How COVID-19 changed SOUK
For Azamit, viewing the pandemic as an obstacle was never an option. “We’ve had to be more open and more flexible, and designers were eager to reinvent themselves. COVID-19 forced us to go further and faster, all at once.” By doubling down on effort and ramping up on inventiveness, she came out with an evolved concept, a refreshed visual image and a number of talented teams of Montréalers at her side. “This year, we naturally gravitated toward a transactional platform. But we didn’t stop there. The jury decided to be more selective and intentional about their choices for our highly curated shop inventory. This year’s criteria are exclusivity, local production and environmental responsibility. For added fun, the SOUK platform also proposes “Curated by” selections chosen by personalities in food, design and fashion. Shoppers can also sort by theme.
Elevating the experience with a new design space
The new space is this year’s biggest announcement. “I realized the event was missing a human component, so we decided to open a physical space inspired by SOUK.” Designed by Montréal creative firm Machine, the 9,300 square-foot ultra-contemporary apartment/boutique opens its doors on December 3. It’s located on the 20th Floor of 1 Place Ville-Marie, in Suite 2030. “The space offers 180-degree views of the city, including the mountain, both major bridges and the Olympic Stadium. There’s a café, a click-and-collect service and one-on-one appointments for personalized service. Of course, all public health measures will be rigorously applied.” SOUK HABITAT will remain open for a year, inviting guests to a private and privileged exploration of Montréal design in a warm, intimate space clad in concrete.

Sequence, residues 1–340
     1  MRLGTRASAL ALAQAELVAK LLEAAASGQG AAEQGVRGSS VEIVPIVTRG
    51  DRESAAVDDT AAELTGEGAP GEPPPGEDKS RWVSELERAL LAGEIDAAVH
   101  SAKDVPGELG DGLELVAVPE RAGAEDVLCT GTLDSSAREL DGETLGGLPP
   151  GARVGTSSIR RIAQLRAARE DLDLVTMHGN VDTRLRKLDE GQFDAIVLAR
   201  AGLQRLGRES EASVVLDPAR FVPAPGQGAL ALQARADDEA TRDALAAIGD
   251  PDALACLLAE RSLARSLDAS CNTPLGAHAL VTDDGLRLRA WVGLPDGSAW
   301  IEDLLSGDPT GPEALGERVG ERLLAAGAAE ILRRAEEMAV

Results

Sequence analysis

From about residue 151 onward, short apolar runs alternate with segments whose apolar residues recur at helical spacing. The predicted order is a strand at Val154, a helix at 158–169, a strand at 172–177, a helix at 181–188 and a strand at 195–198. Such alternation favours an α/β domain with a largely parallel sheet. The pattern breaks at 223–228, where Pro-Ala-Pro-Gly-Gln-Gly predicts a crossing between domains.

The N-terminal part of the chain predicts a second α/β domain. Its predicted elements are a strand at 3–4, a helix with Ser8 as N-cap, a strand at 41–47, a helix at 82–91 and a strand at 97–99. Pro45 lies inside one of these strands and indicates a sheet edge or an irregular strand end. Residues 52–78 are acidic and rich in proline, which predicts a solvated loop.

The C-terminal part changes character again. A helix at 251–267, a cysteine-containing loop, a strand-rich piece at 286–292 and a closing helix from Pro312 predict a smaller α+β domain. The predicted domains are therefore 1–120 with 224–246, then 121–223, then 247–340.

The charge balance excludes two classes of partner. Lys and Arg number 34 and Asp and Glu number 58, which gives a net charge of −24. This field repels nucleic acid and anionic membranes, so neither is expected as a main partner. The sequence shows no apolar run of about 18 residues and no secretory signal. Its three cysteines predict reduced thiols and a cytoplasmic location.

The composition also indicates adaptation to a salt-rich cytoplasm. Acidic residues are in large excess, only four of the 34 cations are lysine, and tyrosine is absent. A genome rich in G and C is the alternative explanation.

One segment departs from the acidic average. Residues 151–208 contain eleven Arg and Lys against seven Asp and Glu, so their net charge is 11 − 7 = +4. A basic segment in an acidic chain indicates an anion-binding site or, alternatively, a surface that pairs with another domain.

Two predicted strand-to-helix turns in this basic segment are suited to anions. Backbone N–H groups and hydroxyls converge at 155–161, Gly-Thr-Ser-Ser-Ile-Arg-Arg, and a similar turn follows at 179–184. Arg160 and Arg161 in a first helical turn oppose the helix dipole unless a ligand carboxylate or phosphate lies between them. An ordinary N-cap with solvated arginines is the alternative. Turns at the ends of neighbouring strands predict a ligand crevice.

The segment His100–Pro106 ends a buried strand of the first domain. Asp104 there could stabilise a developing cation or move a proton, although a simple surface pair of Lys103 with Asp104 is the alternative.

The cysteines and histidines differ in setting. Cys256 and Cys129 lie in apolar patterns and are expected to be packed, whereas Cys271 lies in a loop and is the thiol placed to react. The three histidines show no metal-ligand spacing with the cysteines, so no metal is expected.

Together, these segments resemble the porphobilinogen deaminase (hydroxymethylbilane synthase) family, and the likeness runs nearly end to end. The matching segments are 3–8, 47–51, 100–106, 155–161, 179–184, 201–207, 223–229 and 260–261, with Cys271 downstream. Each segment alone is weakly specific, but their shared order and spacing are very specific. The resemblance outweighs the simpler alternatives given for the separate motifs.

A quintessentially Montréal new image
But the adventure doesn’t end there. “To underscore this year’s different approach, we decided to revamp SOUK’s visual signature with inspirations from Montréal architecture. Since concrete defines the city and some of its best-known buildings, such as Place Bonaventure and Habitat 67, we’ve allowed this material to permeate our campaign.” SOUK products are featured in a neutral yet warm minimalist space that highlights each item’s exclusive character and transforms them into objects of desire. It’s the perfect backdrop to Montréal creativity.
Connecting with the public
Since fans won’t be able to meet designers in person this year, SOUK will be using the Booxi appointment app to help people connect. Visitors can schedule online meetings with designers, visit their workshop virtually, sit in on talks or join live cooking workshops. “SOUK experts” will also be on hand to help shoppers choose products and provide them with information as needed. The talks, panel discussions and IGTV, organized jointly with the Canadian Centre for Architecture (CCA) and Dezeen magazine, will mainly focus on how the pandemic has impacted personal spaces and shifted design trends. The program will also include discussions on the importance of vibrant urban centres, the future of shopping, retail in the era of change, new work methods, eco-responsibility and the power of grassroots movements. The event starts November 17!